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There’s No Such Thing As “Sort Of” Unique: What You and I Should Learn From My Grandfather

Me and my grandfather, Dr. Seymour Wheelock MD

(by Tom Brainard) I am humbled by my grandfather’s accomplishments and honored to have even an arm’s length association with his impact on others throughout his career. I can hardly begin this post without tears running down my face as I consider the scale at which I feel that. I think of my eclectic career, nay job choices thus far and I find little relative worth. Not that I seek pity, mind you. It’s just that in this day and age of scrambling for the next big thing, trying to get rich without really trying and be the guy who invented the thing that everybody wants is essentially useless when one compares such efforts with that of someone like Dr. Seymour Wheelock, my grandfather.

Now the tears are flowing pretty good, so I must have struck a chord of truth here. Do you have someone like this in your life? Chances are you do. You may have to let down your own fictitious guard for a few moments so that your heart can send out the memo, but it is likely that you have been inspired like this, or at least have gazed upon the life’s work of another close to you and thought, “Wow. Just. Wow.” (If you don’t then we need to find you one.)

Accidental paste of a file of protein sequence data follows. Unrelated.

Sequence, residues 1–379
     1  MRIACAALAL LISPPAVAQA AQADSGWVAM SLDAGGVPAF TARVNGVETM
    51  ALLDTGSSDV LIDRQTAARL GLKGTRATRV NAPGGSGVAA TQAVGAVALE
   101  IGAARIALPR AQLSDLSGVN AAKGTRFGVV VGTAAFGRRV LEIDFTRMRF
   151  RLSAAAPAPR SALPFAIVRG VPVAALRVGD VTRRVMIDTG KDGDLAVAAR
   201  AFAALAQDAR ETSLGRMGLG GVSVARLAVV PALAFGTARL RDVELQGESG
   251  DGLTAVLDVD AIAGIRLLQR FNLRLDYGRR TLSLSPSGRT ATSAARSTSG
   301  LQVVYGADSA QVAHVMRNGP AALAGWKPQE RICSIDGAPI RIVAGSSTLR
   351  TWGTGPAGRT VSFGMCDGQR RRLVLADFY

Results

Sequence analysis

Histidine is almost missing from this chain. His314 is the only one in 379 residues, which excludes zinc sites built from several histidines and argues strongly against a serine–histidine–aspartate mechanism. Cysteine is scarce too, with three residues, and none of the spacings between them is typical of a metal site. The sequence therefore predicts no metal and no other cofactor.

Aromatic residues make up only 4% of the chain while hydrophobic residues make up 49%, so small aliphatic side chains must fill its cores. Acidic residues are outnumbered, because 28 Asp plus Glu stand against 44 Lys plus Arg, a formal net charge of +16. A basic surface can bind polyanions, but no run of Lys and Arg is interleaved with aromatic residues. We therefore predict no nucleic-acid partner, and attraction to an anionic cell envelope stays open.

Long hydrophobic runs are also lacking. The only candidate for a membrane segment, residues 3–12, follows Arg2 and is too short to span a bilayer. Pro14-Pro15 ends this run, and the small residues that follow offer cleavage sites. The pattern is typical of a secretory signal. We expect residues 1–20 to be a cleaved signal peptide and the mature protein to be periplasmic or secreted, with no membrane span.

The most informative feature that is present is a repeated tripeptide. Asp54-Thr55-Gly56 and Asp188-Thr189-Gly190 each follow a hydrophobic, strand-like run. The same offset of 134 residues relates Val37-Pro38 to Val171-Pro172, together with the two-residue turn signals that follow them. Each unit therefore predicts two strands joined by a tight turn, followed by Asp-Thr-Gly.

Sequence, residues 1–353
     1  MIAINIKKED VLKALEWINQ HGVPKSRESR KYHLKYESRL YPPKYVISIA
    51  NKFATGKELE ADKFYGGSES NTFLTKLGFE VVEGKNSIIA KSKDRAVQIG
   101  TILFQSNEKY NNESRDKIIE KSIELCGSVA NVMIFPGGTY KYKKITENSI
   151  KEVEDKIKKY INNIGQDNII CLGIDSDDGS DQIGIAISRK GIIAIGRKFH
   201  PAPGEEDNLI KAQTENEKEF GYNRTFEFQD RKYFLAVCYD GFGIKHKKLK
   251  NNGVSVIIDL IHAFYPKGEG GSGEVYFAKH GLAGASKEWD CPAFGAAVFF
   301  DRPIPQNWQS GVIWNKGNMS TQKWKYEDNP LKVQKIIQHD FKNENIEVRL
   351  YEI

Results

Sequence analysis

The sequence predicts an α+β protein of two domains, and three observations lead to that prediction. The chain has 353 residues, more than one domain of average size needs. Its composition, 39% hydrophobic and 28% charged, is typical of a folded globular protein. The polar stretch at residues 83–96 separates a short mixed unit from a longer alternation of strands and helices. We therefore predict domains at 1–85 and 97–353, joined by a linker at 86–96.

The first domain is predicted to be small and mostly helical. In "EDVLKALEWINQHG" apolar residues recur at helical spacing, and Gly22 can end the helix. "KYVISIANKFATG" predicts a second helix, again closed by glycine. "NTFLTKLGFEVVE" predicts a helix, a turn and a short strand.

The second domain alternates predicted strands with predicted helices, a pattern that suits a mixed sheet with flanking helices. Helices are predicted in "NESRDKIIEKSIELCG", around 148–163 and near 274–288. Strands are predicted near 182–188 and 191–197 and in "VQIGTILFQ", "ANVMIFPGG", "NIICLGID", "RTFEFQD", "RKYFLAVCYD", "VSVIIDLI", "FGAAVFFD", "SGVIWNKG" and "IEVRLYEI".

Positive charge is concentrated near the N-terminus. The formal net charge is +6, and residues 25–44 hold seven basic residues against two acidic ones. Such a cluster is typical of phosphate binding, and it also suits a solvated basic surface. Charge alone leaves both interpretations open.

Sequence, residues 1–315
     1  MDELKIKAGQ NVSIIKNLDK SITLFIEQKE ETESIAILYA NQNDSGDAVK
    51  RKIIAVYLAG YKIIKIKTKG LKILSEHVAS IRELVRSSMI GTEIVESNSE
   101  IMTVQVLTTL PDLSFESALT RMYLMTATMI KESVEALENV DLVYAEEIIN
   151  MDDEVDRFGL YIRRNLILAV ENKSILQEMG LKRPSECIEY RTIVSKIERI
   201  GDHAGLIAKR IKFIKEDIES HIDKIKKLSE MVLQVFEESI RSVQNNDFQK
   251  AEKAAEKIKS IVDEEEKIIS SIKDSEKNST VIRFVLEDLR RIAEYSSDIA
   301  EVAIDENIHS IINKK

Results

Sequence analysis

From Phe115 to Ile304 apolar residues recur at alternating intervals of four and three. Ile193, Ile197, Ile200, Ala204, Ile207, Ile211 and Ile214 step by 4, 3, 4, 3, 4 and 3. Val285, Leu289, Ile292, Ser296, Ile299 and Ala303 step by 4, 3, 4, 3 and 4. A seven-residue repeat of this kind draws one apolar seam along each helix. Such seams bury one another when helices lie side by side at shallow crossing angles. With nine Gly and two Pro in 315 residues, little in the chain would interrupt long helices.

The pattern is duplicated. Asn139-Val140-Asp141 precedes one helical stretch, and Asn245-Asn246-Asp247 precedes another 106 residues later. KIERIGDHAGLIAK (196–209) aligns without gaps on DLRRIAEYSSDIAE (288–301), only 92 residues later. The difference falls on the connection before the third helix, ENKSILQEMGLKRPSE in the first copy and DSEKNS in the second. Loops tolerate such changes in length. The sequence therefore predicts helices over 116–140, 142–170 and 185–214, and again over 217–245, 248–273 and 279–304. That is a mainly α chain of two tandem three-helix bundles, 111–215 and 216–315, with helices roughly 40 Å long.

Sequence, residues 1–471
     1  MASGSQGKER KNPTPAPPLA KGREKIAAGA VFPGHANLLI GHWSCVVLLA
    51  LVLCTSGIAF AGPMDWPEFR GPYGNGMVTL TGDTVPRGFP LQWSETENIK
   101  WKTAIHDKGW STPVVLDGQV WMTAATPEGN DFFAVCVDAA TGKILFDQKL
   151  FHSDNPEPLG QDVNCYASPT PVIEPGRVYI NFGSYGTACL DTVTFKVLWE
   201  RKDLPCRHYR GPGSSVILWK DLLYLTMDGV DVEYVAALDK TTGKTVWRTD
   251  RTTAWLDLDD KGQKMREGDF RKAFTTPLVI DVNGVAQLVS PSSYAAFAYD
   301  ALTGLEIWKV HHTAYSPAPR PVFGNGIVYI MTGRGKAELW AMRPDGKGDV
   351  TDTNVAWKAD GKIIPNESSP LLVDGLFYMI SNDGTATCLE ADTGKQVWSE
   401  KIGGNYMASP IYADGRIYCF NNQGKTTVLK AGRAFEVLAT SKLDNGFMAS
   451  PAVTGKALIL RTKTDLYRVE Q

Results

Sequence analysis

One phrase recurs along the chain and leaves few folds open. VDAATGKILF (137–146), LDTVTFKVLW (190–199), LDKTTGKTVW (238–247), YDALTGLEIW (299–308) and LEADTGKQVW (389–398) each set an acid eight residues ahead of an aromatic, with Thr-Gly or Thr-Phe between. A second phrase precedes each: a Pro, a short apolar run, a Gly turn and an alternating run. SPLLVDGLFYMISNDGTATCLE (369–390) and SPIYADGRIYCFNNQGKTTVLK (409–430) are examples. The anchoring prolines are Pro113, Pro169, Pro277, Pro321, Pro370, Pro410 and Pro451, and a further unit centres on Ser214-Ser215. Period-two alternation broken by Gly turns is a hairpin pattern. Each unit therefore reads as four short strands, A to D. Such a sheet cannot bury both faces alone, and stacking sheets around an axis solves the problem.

Here I am, Thomas Nicholas Wheelock Brainard, son of triumphs and failures, husband of beauty, brother to anger and pride and father to nothing. I am 34. I have spit out the words “passionate” and “inspire” and “drive” on countless cover letters and in soliloquies innumerable. I have posed as a writer, a seller of unecessaries, a farcical actor and seeker of love, or lover of seeking. But what have I really given to this world, this evolution of souls trying to ascend to greatness in whatever fashion? What is tangible that I can state as my gift to this? I have no idea, which likely means not much, which leads me to this next thought:


Without it I am small. When I have felt it, spoken of it in hushed voices to myself or watched it flourish in the hands of my heroes I have thought, “If I can just find a sense of purpose in what I’m doing, than it won’t really matter what I’m doing.” I tried that when I was hired as an insurance agent. I hated every minute of that year long job. I am sure there are insurance people out there that do derive a real sense of purpose from what they do. I did not and I think it is a very difficult thing to do in that industry. As I am sure happens to everyone, I spent that time just surviving and pretending to enjoy things and stuff and sales and beige.